In 1962, Latif Al Ani, two years into his stint as lead photographer for Iraq’s Ministry of Information and Guidance, turned his camera to a familiar subject: Jewad Selim’s majestic Monument of Freedom, which spans Baghdad’s central Tahrir Square. Just a short walk from the Tigris river, Selim’s 50-metre-wide bas-relief had been completed in 1959, and became Iraq’s first piece of public art, commissioned by the new military regime to celebrate the recent revolution.
For Iraqis driving around the Tahrir Square roundabout, the energetic figures dancing across the white stone must have seemed at once familiar and defiantly celebratory. Selim’s signature style, a synthesis of ancient Babylonian and Sumerian forms and modern figural abstraction, charged the region’s classical iconography with ideas of adversity, resistance, and solidarity. In Al Ani’s meticulously framed black-and-white photograph, the tremendous frieze diagonally spans the centre of the image, its hefty trapezoidal supports grounding it on both left and right. Beneath the monument, a stylish woman in a patterned dress strolls away from the camera, one high heel blurred in mid-step. In highlighting Selim’s sculpture, Al Ani takes the sculptor’s ideas one step further and grounds them in reality – the emblematic figures above and the woman below share a common heritage, but with this photograph, the woman, frozen in the early 1960s, is transformed into as much of a symbol as the sculpted dancers.
Tahrir Square, Baghdad is one of the most layered and quietly compelling images in the current exhibition of Al Ani’s photographs at Coningsby Gallery, London. Over 50 black-and-white works, punctuated with a few sumptuous colour prints, have been brought together by the Ruya Foundation for Al Ani’s first UK exhibition. The images, taken from the photographer’s personal archive, span from the 1950s to the ’70s, and provide a detailed, modern picture of mid-century Iraq that may surprise and enlighten a London audience more familiar with present-day news imagery from the region.
In recent years, Al Ani’s national reputation as the founding father of Iraqi photography has grown globally, with the help of the Ruya Foundation. The only non-profit in Iraq working with contemporary artists, the foundation included Al Ani in its Pavilion of Iraq at the 56th Venice Bienniale in 2015, reigniting interest in his long-buried archive. An elegant, award-winning monograph published earlier this year by Hatje Cantz brought further recognition, and includes a frank and illustrative conversation between Al Ani and Ruya chair and co-founder Tamara Chalabi. ‘I wanted to show our heritage against our present, the contrast between the past and present, where we had arrived in comparison with the past,’ he says early in the interview, ruminating on his career photographing a swiftly changing society. ‘The fear that I had is what we are living today.’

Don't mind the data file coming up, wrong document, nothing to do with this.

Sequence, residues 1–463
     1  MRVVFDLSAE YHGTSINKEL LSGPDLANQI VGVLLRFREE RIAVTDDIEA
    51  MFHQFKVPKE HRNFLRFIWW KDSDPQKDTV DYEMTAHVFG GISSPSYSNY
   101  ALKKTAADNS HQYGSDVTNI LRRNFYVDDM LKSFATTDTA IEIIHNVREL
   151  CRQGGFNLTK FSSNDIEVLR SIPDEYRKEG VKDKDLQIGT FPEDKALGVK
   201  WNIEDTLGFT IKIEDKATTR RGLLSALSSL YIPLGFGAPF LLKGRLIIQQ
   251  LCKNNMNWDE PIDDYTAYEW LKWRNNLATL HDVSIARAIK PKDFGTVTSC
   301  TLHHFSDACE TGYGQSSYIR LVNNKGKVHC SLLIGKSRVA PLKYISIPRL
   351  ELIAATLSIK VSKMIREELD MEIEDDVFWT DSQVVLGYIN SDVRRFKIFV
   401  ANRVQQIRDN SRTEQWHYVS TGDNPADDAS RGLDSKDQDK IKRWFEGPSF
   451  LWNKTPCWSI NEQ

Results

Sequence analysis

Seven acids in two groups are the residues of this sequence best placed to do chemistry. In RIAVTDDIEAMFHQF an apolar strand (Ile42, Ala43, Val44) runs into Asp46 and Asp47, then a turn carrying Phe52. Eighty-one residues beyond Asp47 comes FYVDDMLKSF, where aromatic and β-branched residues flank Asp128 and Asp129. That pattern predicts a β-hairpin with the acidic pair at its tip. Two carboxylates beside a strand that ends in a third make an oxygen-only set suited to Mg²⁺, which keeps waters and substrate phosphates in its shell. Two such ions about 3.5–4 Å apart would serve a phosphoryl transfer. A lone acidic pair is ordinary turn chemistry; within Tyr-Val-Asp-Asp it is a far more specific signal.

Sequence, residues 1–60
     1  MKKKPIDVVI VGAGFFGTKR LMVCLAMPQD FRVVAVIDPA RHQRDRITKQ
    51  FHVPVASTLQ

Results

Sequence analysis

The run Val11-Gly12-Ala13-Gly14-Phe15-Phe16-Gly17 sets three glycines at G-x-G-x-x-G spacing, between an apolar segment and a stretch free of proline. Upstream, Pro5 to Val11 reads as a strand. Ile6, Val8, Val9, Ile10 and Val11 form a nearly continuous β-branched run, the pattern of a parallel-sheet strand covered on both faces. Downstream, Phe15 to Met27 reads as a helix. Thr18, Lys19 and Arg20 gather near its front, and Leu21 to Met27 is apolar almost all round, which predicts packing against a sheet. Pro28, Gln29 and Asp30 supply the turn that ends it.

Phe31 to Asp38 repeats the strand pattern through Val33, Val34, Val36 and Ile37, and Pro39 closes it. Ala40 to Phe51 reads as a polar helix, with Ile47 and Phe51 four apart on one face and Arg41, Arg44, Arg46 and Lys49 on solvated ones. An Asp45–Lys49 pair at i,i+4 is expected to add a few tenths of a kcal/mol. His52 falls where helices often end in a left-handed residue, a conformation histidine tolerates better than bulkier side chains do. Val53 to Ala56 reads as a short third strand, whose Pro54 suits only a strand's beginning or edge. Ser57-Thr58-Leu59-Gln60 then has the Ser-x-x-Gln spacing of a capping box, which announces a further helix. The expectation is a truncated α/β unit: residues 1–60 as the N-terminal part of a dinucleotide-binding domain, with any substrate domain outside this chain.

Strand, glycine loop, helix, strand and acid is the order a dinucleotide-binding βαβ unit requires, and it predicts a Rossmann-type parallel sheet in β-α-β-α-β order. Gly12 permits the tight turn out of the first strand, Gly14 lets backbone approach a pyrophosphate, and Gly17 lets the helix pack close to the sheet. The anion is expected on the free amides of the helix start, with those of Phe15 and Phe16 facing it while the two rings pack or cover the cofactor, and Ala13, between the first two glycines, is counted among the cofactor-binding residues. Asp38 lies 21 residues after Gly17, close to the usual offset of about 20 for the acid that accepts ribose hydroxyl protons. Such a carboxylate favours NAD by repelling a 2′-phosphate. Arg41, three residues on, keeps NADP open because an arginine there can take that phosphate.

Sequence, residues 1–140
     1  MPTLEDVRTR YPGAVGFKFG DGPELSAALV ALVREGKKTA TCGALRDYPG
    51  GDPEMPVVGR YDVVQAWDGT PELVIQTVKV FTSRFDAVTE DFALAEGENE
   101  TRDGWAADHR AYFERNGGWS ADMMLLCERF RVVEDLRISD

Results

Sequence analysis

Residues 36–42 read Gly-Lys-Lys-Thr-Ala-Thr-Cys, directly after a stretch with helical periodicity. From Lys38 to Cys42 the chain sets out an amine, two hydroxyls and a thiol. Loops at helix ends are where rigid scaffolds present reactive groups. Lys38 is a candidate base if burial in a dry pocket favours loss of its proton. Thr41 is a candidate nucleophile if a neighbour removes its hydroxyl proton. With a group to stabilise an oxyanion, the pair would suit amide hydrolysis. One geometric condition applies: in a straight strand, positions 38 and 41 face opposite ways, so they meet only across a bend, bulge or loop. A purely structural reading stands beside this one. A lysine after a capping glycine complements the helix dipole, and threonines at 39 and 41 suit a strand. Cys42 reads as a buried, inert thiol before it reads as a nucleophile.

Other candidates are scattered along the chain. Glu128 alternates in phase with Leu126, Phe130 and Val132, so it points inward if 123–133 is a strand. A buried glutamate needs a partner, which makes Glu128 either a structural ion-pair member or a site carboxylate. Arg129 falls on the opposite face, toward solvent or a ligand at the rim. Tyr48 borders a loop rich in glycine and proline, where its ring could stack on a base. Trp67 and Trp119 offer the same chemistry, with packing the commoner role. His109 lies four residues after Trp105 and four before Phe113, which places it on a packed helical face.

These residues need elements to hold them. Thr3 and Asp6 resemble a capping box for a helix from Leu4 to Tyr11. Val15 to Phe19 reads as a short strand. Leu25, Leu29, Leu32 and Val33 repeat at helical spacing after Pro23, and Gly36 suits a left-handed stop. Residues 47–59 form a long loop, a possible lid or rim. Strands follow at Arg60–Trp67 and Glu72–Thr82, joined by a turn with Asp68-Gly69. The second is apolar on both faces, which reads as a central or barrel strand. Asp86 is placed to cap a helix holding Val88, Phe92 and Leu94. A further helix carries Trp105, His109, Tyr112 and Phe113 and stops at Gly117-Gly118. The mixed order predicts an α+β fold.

Al Ani, who still lives in Baghdad, trained as a professional photographer while on the job for the Iraq Petroleum Company in the 1950s. There, he was charged with documenting the company’s projects on the ground and from the air, taking these straightforward advertising assignments as an opportunity to experiment with form. In 1960, he founded the photography department at the Ministry of Information and Guidance, creating a vast archive of social, architectural, and heritage imagery for, among other governmental projects, New Iraq magazine – the entirety of which was destroyed during the US invasion of Iraq in 2003.
The breadth of subject matter within Al Ani’s work is astonishing: photographs of native antiquity, such as Stolen head that was not retrieved, Hatra (c. 1960s) drive home his commitment to displaying heritage in a contemporary context, while Al Aqida High School, Baghdad, taken in 1961, is a joyful depiction of schoolgirls enjoying some leisure time. Playing again with the diagonal lines which so often zig and zag through the centre of his images, Al Ani frames the young women and their hoops to create a graphic funnel, as a suited schoolmistress observes them seriously in the background, hands firmly on both hips.
The images on display also oscillate between grand architectural studies and intimate portraits of people, often going about their daily business, or touring heritage sites. An aerial photograph of the Mirjan Mosque from 1962 transforms the religious structure into a mass of brilliantly white volumes, solidly maintaining their presence among a mess of arbitrarily parked cars. Keen to include images from Al Ani’s many trips abroad, the exhibition’s curators took deliberate care to hang photographs of window shoppers in Berlin next to picnickers in Baghdad, highlighting cultural similarities between societies so often depicted as at odds with one another.
Over time, Al Ani’s assignments became increasingly fraught with nationalistic agendas. Towards the end of his career, the Ba’athists and Saddam Hussein’s regime began exercising more and more control over artistic and cultural narratives of the country; when the Iran-Iraq War broke out in 1980, restrictions forced Al Ani to stop photographing altogether.
Selim’s Monument of Freedom still stands in Tahrir Square, just where Al Ani photographed it nearly 60 years ago, a witness to the changes authoritarian Arab nationalism has wrought on the Middle East, and the successive conflicts and occupations that wiped away the modern Iraq of Al Ani’s universal images. Today, his photographs hold a weight that far exceeds their formal beauty. ‘The past is mine, not the future,’ he says. ‘That is for others. The images will be more important in the future, as they show a vanished world. […] It’s not sentimentality, it’s a fact, and it’s depressing. It is counter-intuitive; things are meant to progress forwards, not backwards.’
‘Latif Al Ani’, presented by the Ruya Foundation, is at the Coningsby Gallery, London, until 16 December 2017.